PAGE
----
Table 1 Clinical and laboratory characteristics of patients with malaria caused by Plasmodium vivax

The haematological evaluation of all the patients showed a mean haemoglobin level of 12.9 (2.0) g/dL, mean haematocrit level of 38.5% (5.5%), and mean leukocyte count of 6,278 (6,323) leukocytes/mm3. The mean platelet count was 114,823 (76,761) cells/mm3; 16.7 and 60.7% of the patients exhibited counts fewer than 50,000/mm3 and between 50,000/mm3 and 150,000/mm3, respectively. The MPV was 9.3 (1.0) μm, mean PDW was 17.5% (3.36%), and mean PCT was 0.104% (0.066%). All the blood haematological parameters were done in a same automatic equipment.

Potentially more serious cases, that is, primo-infected patients, exhibited significantly higher MPV and PDW (p = 0.0003 and p = 0.0003, respectively) and signs of gravity (p = 0.042 and p = 0.036, respectively). Conversely, patients with three or more days of symptoms had lower PCT (p = 0.045; Table 2). A weak but statistically significant negative correlation was observed between parasitaemia and PCT (r = -0.28; p = 0.0002). However, no significant correlation was observed between parasitaemia and MPV or PDW (Figure 1).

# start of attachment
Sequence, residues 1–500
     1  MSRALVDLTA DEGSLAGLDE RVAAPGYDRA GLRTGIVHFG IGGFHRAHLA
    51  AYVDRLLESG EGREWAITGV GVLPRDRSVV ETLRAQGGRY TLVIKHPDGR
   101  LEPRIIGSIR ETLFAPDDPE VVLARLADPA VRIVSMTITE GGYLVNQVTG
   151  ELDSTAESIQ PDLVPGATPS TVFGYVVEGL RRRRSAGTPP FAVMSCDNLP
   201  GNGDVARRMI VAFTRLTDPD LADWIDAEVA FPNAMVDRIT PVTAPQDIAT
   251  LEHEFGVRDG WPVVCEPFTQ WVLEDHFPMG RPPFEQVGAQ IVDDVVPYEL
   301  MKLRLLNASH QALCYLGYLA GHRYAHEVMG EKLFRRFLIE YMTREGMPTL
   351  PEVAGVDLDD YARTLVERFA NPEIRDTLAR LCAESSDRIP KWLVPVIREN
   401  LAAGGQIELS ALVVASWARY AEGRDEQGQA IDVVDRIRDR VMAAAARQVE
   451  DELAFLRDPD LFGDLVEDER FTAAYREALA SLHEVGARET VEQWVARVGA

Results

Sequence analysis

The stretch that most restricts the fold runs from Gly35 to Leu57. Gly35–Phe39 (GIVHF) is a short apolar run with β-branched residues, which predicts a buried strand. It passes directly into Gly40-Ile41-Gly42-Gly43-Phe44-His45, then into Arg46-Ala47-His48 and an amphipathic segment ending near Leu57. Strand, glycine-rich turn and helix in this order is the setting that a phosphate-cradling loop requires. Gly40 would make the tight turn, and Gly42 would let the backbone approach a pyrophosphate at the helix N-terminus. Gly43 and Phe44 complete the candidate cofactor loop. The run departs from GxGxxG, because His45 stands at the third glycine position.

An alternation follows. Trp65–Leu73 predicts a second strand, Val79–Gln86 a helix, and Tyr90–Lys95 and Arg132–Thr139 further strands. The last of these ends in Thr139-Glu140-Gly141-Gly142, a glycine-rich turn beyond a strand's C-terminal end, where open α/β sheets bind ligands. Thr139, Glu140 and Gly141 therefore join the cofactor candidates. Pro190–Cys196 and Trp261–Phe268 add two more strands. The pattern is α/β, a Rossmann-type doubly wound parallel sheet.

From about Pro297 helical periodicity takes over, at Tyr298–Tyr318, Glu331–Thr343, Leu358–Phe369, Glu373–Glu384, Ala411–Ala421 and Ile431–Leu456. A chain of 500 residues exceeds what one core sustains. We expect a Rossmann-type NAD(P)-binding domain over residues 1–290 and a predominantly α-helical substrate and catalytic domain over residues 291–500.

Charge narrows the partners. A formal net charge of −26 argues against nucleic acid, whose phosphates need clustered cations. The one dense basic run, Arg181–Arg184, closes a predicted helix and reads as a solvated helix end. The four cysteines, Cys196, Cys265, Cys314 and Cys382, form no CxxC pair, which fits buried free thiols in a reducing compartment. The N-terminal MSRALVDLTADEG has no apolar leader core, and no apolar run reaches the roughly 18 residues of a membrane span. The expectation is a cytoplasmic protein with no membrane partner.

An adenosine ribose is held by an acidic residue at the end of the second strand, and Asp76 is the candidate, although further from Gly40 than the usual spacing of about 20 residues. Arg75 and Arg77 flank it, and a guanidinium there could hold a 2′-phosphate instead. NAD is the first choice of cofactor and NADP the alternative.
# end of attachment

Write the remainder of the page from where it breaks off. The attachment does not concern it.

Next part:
Table 2 Associations between platelet indices and clinical signs of severity in the patients with Plasmodium vivax malaria
Figure 1
figure 1

Relationships between parasitic density and other variables in the patients with malaria caused by Plasmodium vivax . Parasitic density versus MPV (A), PDW (B), and PCT (C).

Adjusted models were constructed for each platelet parameter, which were categorized as higher or lower the median. Variables exhibiting significant associations in the univariate analysis were included in the model in addition to age and sex. After adjustments, primo infection and the presence of warning signs for severe malaria were independently associated with the highest MPV. Conversely, PDW remained associated with the number of previous malaria infections and the presence of signs of gravity. Only the longest duration of symptoms remained associated with the lowest PCT (Table 3).

Table 3 Multivariate logistic regression analysis of the associations between platelet indices, demographic variables, and severity indicators